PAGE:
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Penguins' Shero gives Letang talks one more shot

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Waiting on a pick

The Penguins' slots, and the ones they traded away, for the NHL Entry Draft on Sunday:

Round Selection Team

First 28 Flames (from Penguins; Iginla trade)

Second 58 Sharks (from Penguins; Murray trade)

Third 77 Pens (from Stars; Morrow trade)

Third 89 Penguins

Fourth 119 Penguins

Fifth 149 Stars (from Penguins; Morrow trade)

Sixth 179 Penguins

Seventh 209 Penguins

Saturday, June 29, 2013, 10:36 p.m.
 

NEWARK, N.J. — Ray Shero is waiting on Kris Letang.

He may not wait much longer.

A scheduled face-to-face meeting for Saturday afternoon between Shero and Kent Hughes, Letang's agent, was viewed by both parties as the last good chance to bridge a financial gap on a possible long-term contract.

Letang, a defenseman set to enter the final year of his contract, will be prime trade bait at the NHL Entry Draft on Sunday.

“He's worth waiting on in terms of making the right decisions, knowing all the information,” Shero said Saturday before meeting with Hughes. “But there's a time to make a deal, to sign a player, or maybe it's apparent that you can't, or maybe it's better to wait or do something else.”

Shero said before meeting with Hughes that he already had received calls about Letang's availability. Montreal, San Jose and Philadelphia are interested, and the Penguins would prefer to deal with a club that can return a top prospect and at least two roster players who they would control for multiple seasons.

The Penguins also would not mind a draft pick as part of a package. They do not select until the third round because of in-season trades for winger Jarome Iginla and defenseman Douglas Murray.

Shero reiterated that he would like to keep Letang and acknowledged that Letang is due a big raise on his $3.5 million salary. Letang, 26, led the NHL in points-per-game by a defenseman this past season and was a Norris Trophy (top defenseman) nominee for the first time.

Negotiations between Shero and Hughes have not gone swimmingly, and Letang has expressed frustration as this past week advanced without significant movement on a deal.

Shero stressed he wanted emotion to play no factor. “That's not beneficial to anybody,” he said.

The Penguins remain uncomfortable with a counterproposal to their willingness to pay Letang about $7 million annually on a maximum-limit eight-year contract. Shero made that offer Wednesday. Hughes countered Thursday with a proposed $7.75 million annual salary on an eight-year deal, but Shero immediately dismissed the deal.

The Penguins have not shied from spending to the salary cap since ownership authorized doing so in 2008.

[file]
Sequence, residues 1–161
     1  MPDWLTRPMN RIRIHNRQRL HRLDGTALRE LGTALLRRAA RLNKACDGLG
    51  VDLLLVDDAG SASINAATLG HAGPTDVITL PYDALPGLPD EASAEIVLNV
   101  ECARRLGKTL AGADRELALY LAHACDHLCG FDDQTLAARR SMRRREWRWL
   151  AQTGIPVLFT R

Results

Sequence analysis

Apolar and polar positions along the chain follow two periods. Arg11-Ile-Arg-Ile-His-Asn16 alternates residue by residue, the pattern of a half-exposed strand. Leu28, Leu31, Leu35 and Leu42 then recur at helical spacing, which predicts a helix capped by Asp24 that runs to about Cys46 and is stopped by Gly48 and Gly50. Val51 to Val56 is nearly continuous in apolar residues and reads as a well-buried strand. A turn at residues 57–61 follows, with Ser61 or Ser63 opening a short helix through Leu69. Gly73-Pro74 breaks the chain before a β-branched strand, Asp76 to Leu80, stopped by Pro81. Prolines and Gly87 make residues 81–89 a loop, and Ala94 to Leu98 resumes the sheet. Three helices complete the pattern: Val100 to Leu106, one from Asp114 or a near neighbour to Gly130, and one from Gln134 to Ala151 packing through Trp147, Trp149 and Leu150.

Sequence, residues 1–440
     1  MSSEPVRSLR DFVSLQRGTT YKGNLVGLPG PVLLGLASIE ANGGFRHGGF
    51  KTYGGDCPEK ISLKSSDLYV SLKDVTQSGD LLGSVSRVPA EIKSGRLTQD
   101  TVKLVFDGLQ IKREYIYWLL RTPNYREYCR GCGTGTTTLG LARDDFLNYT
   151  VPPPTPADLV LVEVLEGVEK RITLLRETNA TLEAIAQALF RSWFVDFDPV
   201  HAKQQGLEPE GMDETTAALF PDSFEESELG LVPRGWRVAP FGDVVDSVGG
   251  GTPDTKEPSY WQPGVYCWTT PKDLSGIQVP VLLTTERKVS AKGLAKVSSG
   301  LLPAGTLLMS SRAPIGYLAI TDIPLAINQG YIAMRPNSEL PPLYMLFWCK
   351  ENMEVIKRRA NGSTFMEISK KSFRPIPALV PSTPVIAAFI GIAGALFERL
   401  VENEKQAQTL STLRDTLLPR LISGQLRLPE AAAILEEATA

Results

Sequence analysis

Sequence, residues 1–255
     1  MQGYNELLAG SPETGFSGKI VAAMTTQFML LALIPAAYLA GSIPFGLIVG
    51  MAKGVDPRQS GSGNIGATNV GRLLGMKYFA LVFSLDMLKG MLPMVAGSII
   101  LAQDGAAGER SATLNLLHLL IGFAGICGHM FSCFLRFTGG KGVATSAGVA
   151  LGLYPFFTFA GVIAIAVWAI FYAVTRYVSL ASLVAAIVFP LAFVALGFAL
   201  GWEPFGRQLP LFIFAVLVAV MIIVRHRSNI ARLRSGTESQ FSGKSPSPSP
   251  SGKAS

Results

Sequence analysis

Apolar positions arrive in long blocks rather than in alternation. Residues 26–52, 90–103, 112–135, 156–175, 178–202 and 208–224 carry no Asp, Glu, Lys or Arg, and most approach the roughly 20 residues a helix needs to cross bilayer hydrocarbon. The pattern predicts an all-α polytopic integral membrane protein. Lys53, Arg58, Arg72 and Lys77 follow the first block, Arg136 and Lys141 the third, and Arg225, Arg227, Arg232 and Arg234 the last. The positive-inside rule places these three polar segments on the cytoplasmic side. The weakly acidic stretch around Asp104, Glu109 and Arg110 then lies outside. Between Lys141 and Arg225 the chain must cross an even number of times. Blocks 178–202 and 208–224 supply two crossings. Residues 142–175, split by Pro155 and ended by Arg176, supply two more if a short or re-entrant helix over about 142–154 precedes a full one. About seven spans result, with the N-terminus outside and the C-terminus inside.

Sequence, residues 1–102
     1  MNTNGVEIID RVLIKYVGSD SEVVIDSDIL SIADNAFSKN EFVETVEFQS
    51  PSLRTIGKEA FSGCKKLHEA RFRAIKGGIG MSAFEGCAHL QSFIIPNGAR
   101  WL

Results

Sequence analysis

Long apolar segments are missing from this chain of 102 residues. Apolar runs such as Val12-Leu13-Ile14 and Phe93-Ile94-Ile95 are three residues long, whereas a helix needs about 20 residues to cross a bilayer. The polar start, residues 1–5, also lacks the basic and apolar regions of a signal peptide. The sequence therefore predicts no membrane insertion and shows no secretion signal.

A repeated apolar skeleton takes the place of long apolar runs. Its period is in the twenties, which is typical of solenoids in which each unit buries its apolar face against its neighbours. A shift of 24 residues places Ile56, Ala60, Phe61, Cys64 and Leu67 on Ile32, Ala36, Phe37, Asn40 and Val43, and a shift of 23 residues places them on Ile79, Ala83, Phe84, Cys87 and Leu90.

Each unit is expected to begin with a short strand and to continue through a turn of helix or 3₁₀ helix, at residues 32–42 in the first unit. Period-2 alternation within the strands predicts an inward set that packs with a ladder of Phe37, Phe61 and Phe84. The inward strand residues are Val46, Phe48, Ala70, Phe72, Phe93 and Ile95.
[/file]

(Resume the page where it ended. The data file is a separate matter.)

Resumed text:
At no point during their six-year run as a cap club have the Penguins entered a season with three players each counting at least $7 million against the cap. That would happen after next season if Letang is re-signed for a $7 million-or-more annual hit.

Captain Sidney Crosby has a salary cap hit of $8.7 million. Center Evgeni Malkin will count $9.5 million against the cap when his new contract begins after next season.

“It's a challenge,” Shero said. “I mean, OK, an extra $250,000 here, another $500,000 here, $100,000 more, it all adds up.

“I can't predict where the cap will be in a year or two, but I'd like to try and keep these players together. I think they're special players, but knowing the fact that you have to have a well-balanced team, it's a lot of money.”

A return to record revenues, at least $3.3 billion, was projected recently by NHL commissioner Gary Bettman. That could push the cap, set next season for $64.3 million, near the pre-lockout range of $70 million for the first year that Crosby, Malkin and Letang would combine to absorb no less than $25.2 million of the Penguins' allotted space.

Even if the math works — Hughes contends that a projected rising cap in what would be Letang's free-agent summer (2014) means bids for his client would start at $8 million annually — Shero faces another challenge.

Crosby and Malkin hold full no-movement clauses, meaning the Penguins could not trade them without their approval.

Limited-movement clauses are common for players who agree to long-term deals. Goalie Marc-Andre Fleury and defensemen Brooks Orpik and Paul Martin have those.

Fleury, once the clear No. 3 nucleus player behind Crosby and Malkin, did not receive a full no-movement clause when signing a seven-year contract after his career-best postseason in 2008.

Letang, coming off his career-best season, wants a full no-movement clause, even though he, like Crosby and Malkin, failed to produce a point as the Penguins were swept from the Eastern Conference final.

“You do have to be careful with that because it becomes (situations) where maybe the team doesn't do as well as you hoped or maybe the player is not happy or maybe the cap doesn't go up,” Shero said. “You have to be careful in how you're doing full no-movement clauses.

“Crosby and Malkin are something, and Kris Letang is a real special player.”

Special players do get traded.

Jordan Staal did a year ago early in Round 1 of the Entry Draft.

Rob Rossi is a staff writer for Trib Total Media. Reach him at rrossi@tribweb.com or via Twitter @RobRossi_Trib.

 

 

 
 


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